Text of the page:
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Plymouth School Board Signs Resolution Against Current Funding Policy for Schools

January 10, 2011
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01/11/11  The Plymouth School Board signed a resolution during the January 6 meeting outlining their opinion on how the state funds individual school corporations.

In January of 2009, the State of Indiana took over the distribution of tax monies collected at both the state and local levels to fund General Funds using a formula devised at the state level. The changes have left many schools, including Plymouth, questioning the fairness of the process.

The board plans to forwarded the resolution to the State for further consideration which states the following: “The Board finds the funding inequities grossly unfair; denying students of equal opportunities and placing undue economic stress on employees of the under funded school districts in Indiana. The Board finds it in the best interest of the students that the state legislature works quickly to resolve school funding inequities and treat each student more equally.”

Also included in the resolution was the following: “The revenue streams into public schools were more equally divided between state and local dollars in the past and are now more totally dependant on state money. The funding formula as per the State Tuition Support Worksheet is complicated and difficult, at best, to explain.”

The level of state funding to the school corporations ranges from $4,800 to $12,000 per student. The average tuition support per student for non-charter schools is $5,724 the average tuition support per student for charter schools is $6,637.

Plymouth School Superintendent Daniel Tyree shared his concerns with the board saying, 

“Plymouth School Corporation is very concerned about the Indiana Department of Education’s proposed voucher system that sends tuition tax dollars to private schools. We have a great relationship with St. Michael’s school and want to maintain that relationship. However, the economic impact of the proposed voucher system is detrimental the economic development for North Central Indiana. Private schools account for 9% of the students presently enrolled in K-12 public education. To pass legislation that would give state tuition dollars to private school students would be an immediate 9% decrease to all public schools. If you examine the flow of those dollars, 20% of students presently enrolled in private schools are inside Marion County. That means one dollar for every five dollars taxed will go to school in Indianapolis and Marion County. Additionally, schools in Indianapolis and Marion County are already receiving over twice the per student tuition dollars that is spent per student in PCSC. Presently, Plymouth is funded approximately $5,500 per student while Indianapolis Public School are funded at $12,000 per student.”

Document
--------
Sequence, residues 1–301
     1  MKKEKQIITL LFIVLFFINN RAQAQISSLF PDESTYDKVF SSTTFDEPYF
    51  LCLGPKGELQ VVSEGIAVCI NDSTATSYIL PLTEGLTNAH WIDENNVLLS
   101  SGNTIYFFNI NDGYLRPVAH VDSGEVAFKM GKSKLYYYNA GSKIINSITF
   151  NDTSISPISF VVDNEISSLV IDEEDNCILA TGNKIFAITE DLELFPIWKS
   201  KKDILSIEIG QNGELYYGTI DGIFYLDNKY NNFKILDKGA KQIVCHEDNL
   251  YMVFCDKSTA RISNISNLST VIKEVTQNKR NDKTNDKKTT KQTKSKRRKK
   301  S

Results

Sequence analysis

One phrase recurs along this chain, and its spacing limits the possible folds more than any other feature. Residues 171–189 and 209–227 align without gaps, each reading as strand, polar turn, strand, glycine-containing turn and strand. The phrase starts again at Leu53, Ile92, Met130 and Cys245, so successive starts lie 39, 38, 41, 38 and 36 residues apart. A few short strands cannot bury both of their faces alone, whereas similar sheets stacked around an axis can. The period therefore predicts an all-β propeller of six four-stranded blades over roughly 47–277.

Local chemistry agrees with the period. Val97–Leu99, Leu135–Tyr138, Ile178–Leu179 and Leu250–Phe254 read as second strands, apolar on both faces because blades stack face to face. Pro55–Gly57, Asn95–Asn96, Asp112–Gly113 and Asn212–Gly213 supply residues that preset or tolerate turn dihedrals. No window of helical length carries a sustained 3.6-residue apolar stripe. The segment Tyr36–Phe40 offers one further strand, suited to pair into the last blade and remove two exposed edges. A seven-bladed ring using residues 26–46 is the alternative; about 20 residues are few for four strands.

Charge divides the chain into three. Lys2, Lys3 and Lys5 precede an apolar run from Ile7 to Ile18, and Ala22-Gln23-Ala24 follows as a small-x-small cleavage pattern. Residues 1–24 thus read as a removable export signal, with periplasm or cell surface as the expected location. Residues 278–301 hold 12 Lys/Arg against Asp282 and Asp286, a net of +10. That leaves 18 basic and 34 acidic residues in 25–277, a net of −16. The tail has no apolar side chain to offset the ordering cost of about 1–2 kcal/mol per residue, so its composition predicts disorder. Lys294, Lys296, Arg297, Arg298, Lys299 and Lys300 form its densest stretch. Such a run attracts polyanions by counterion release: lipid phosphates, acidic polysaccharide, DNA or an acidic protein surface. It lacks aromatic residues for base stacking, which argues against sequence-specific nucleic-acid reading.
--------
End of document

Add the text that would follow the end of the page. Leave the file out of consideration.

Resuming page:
Tyree said he has met with Ed Charbonneau, Indiana State Senator, and Nancy Dembowski, Indiana State Representative, already to share the concerns of the local board.

Other school corporations have taken more drastic measures. Among those filing a lawsuit against the state in February of 2010 were Hamilton Southeastern Schools, Franklin Township Community School Corporation and Middlebury Community Schools. They are contending that the state’s school funding formula lacks uniformity, is unconstitutional and is negatively affecting children in school corporations across the state. In October of 2010, Hamilton County Superior Court #1 Judge Steven Nation denied the State defendant’s motion to dismiss the lawsuit. The defendants in the case include Governor Mitch Daniels, State Superintendent of Public Instruction and Chairman of the State Board of Education Tony Bennett, the Indiana State Board of Education and the State of Indiana.

Carol Anders Correspondent

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